An alert canine quickly uncovered something awry in the truck’s speaker box – and upon further examination, authorities discovered more than 10 pounds of coke and 5 pounds of heroin. The drugs had a combined value of just over $200,000.

The drugs and truck were seized and the driver was turned over to federal authorities.

The press release didn’t specify what tunes the accused smuggler was bumping at the time of his arrest, so we’ll just imagine him belting out “Casey Jones” and ripping lines off the back of his hand like some sort of deleted scene from “Fear and Loathing.”

A Fruit-Brained Failure

A fruity seizure landed a truck of fake fruit in the limelight earlier this year when Border Patrol agents discovered 3,947 pounds of “alleged marijuana” poorly disguised as a shipment of key limes.

The January 30 seizure followed a secondary inspection of a 2001 Freightliner trailer crossing the Pharr International Bridge into Texas. Between drug dogs and use of a non-intrusive imaging system (as well as a basic understanding of what limes actually look like), agents found 34,764 imposter limes containing around $789,467 of pot.

“This is an outstanding interception of narcotics. Our CBP officers continue to excel in their knowledge of smuggling techniques which allows them to intercept these kinds of attempts to introduce narcotics into our country,” Port Director Efrain Solis Jr said in a statement.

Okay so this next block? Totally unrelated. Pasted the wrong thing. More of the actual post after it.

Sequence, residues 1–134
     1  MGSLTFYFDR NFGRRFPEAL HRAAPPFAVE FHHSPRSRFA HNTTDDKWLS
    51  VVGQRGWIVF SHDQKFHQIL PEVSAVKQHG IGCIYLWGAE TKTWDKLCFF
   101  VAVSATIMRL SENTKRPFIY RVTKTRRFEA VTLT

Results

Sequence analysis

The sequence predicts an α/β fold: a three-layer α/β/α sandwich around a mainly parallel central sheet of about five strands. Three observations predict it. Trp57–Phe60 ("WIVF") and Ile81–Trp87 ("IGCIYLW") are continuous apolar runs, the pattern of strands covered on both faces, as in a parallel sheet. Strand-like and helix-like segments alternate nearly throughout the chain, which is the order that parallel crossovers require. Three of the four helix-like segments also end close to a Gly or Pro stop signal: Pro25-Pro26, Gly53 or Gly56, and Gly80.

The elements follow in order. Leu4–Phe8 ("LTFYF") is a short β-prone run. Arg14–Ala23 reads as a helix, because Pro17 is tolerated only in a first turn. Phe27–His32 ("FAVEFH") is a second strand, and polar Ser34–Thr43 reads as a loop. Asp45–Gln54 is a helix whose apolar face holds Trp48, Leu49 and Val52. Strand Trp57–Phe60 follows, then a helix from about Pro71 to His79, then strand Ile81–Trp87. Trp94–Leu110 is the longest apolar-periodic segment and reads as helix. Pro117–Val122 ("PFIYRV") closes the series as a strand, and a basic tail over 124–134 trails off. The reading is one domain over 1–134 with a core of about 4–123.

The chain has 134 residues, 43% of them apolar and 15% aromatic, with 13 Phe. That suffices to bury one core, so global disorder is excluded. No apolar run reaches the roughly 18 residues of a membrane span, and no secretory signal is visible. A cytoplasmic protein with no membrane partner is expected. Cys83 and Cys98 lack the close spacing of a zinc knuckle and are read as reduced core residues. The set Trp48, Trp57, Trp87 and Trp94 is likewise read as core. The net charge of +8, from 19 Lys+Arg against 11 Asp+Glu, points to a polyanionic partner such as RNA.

What’s most surprising about this bust is just how astonishingly un-lime-like this pseudo-citrus load looks. A 4-year-old wouldn’t fall for these fakes and it’s exceedingly unclear why Border Patrol might be expected to, either. Again, advice to would-be drug smugglers: have at least a passing familiarity with the item you are disguising your drugs as - your faux fruits aren’t fooling anyone.

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Keri Blakinger is a former drug user and current reporter living in Texas. She covers breaking news for the Houston Chronicle and previously worked for the New York Daily News and the Ithaca Times. She has written about drugs and criminal justice for the Washington Post, Salon, Quartz and more. She loves dogs and is not impressed by rodeo food. Find Keri on LinkedIn and Twitter.